Two grandees of UK politics were at it again today. Peter Mandelson, while at least acknowledging an in-out referendum for the UK, was nevertheless pompous and deluded in the FT: “pro-Europeans […] should acknowledge that their case has largely been won by default and that it needs to be re-articulated with fresh vigour”. Vince Cable, speaking at Chatham House, was even worse, quoted in Chatham House’s newsletter thus: “The debate about the Single Market, like the wider debate about the EU, must be based on thorough analysis not emotion” (there’s more about the event he spoke at here, and the edition of International Affairs is here).
Sorry Vince and Peter, but what planet are you living on? You’re both deluded.
Thorough analysis might be important for good policy making, but that is not going to be what will influence a debate about EU matters in the UK. Indeed I do not think you really appeal to anyone in UK politics that way. You appeal to people on the basis of the values that you hold, and how you express them. You need to apply the lessons of George Lakoff.
Putting it another way: making the case for Britain remaining in the EU is not a glorified bean counting exercise – we gain X% of GDP, while your isolationism will lose you Y% of GDP. Neither side can ‘win’ this debate – we do not have a counterfactual, something that can mysteriously help us work out what the UK being outside the EU these last 40 years would look like. While I admire the persistence of people like Nucleus and Brian Duggan, I cannot see how their approach can possibly work.
The ‘debate’ about the EU in the UK is gone. It’s lost. It’s broken. To think there is a way back, just with the old measures, just with the same old, stale ‘pro-European’ appeals from Jackie Ashley or Polly Toynbee in The Guardian is the height of delusion. This is the country where populist journalists based in Westminster think it’s OK to tell Members of the European Parliament that they know more about the European Parliament than the MEP does. Where newspapers feel it’s fine to publish stuff about the EU, while either already knowing it’s not true, or not doing basic research (case here, rebuttal here). This is the country where – fuelled by the expenses scandal in Westminster and the enduring whiff of corruption in the Brussels corridors too – it is assumed that you must be corrupt just to want to be a Member of the European Parliament. It’s guilty until for sure shown to be guilty, not innocent until proven guilty as it should be. Take the temperature of the comments below this story I wrote about a sensible MEP, Sharon Bowles, on The Guardian’s website, and try and counter that stuff. Yes, that’s The Guardian.
So what to do?
Personally I have just crossed the threshold from deluded to depressed. I really do not have answers, ideas of how to move forward, at least not in the short term. I do not see any realistic way forward without an in-out referendum, but the prospect that such a vote actually really solves things is not likely either. Further, if the In side were to be run as Yes was run in the AV referendum then Out would have a good chance to win. In would need to learn the lessons of the Irish No to Lisbon campaign – letting a thousand flowers bloom, and within the panoply of views everyone could find their cause. The danger would be with people like Mandy or Cable at the helm that the In campaign would end up being the very same stodgy pro-Europeanism that has served us so badly for so long – bean counting style, poorly framed, institutional, and bland. Of course the popular but not realistically achievable ‘renegotiate’ option on the ballot would negate the danger of an Out victory, but would just prolong the agony of UK-EU wrangles.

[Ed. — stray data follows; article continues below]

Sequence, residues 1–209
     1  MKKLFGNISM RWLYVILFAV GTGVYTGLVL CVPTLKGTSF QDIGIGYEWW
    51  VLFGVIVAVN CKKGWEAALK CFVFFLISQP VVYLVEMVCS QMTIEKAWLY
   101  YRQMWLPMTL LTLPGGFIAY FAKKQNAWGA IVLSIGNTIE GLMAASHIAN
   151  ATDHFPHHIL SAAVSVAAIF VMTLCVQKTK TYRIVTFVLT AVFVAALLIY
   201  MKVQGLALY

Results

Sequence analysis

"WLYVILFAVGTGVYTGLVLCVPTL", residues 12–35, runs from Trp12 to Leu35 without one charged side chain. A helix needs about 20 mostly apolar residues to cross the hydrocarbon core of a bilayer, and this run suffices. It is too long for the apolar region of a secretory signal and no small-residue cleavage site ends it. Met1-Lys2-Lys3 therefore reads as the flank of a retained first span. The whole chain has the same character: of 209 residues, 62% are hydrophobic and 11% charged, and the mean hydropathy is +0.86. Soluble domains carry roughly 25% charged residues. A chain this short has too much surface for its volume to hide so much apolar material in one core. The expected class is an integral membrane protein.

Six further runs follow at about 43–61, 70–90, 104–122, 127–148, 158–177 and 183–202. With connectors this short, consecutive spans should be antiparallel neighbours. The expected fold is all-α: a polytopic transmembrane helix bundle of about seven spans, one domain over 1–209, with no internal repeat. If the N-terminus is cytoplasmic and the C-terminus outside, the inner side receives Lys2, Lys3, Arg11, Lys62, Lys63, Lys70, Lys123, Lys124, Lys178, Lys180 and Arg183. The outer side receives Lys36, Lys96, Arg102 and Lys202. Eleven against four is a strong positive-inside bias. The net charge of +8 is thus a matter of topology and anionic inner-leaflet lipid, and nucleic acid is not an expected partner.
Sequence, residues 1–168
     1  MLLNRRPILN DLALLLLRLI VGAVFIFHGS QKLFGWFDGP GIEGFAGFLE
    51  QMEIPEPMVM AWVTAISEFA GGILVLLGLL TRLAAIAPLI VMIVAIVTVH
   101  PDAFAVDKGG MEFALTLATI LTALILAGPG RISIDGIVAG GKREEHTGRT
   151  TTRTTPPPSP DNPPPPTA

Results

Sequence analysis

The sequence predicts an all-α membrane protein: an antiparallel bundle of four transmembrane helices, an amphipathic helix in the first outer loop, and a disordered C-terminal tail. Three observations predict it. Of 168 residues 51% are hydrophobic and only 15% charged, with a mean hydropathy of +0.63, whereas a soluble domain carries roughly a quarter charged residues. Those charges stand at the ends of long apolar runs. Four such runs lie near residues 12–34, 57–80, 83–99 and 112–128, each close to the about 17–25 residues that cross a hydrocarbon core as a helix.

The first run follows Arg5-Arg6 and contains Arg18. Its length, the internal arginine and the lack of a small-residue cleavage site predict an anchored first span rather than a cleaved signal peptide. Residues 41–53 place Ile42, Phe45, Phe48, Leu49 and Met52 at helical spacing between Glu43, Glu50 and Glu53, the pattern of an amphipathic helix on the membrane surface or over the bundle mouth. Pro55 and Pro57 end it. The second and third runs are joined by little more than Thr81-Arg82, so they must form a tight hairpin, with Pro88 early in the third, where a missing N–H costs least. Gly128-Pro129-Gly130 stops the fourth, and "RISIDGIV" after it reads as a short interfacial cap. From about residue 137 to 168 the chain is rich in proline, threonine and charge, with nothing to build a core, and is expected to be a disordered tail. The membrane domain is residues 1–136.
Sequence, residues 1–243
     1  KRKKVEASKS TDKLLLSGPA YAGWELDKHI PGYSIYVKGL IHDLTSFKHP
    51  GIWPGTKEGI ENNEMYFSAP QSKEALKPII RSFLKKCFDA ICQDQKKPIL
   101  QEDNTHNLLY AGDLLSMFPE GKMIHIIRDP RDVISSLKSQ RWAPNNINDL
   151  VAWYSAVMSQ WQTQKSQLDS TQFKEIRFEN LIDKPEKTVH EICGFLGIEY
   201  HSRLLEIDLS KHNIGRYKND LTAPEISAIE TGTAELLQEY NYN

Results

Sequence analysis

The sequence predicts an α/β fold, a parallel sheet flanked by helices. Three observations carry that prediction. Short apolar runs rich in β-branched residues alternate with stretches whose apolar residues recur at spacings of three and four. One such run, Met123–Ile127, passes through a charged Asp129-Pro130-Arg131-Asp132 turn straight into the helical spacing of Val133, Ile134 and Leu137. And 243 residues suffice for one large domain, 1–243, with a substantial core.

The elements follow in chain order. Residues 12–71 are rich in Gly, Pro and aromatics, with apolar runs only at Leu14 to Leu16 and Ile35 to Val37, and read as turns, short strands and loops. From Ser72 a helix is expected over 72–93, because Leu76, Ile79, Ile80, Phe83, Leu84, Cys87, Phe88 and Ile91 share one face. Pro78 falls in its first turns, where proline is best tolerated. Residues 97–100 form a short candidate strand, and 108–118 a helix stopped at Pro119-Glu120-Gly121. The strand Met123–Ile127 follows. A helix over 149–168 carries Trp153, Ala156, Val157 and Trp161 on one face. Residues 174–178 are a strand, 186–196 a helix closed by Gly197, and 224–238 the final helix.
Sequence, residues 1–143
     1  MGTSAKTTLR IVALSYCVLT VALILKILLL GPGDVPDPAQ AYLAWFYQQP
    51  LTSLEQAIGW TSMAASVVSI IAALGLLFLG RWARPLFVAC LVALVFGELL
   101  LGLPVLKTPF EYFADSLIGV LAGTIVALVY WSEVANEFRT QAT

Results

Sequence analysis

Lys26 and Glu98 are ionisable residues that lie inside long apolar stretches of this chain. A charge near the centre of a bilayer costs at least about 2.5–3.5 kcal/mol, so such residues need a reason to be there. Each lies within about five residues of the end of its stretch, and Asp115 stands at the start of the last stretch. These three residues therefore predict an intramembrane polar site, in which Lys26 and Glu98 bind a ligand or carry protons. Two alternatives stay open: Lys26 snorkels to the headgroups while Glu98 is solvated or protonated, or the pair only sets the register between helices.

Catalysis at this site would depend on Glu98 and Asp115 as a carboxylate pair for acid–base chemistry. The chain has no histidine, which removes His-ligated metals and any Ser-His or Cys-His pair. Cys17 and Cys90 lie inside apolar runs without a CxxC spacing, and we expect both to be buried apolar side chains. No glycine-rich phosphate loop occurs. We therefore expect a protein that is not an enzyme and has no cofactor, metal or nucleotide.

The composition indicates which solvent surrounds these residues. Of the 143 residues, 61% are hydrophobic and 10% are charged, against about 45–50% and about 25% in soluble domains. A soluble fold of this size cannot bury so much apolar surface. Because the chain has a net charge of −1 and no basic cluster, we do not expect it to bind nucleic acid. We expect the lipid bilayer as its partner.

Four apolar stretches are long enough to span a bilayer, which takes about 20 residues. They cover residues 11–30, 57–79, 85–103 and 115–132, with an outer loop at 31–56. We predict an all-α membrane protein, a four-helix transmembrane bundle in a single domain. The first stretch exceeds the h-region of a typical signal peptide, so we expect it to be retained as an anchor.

The bare bones of some sort of rebound for keeping the UK inside the EU, and indeed some sort of effort to restore some trust in mainstream party politics, will need deep and profound changes at all levels. A measly 11% of the British trust political parties – among large EU Member States only Italy is lower (more here). The academics behind the UK’s Democratic Audit use the words that UK democracy is in ‘terminal decline‘. Meanwhile replacing politicians with business people on platforms, Britain in Europe early-2000s-style, is no good either – with enough large corporates being hauled over the coals since the 2008 financial crisis business people are not trustworthy surrogates for politicians.
It as if we have switched to a new default – no trust of the political establishment – and we need new ways to come to terms with this. Complete transparency of the conduct of our politicians, and net-connected participatory decision making, have to be part of the answer (issues that I referred to in my counterfactual). What is called “prefigurative action” – the attempt to practice the kind of democracy that we as citizens imagine, the way Occupy movements work – needs to be part of it too. You should not need to be a sycophantic devotee to a party line and banner to feel you can play some role within politics. But even then I don’t know where all of that will lead us.
At national, just as at EU level, we do not really know how to properly do representative democracy in the post deference, always connected age. Until we work it out I fear I’m going to stay stuck in my depression.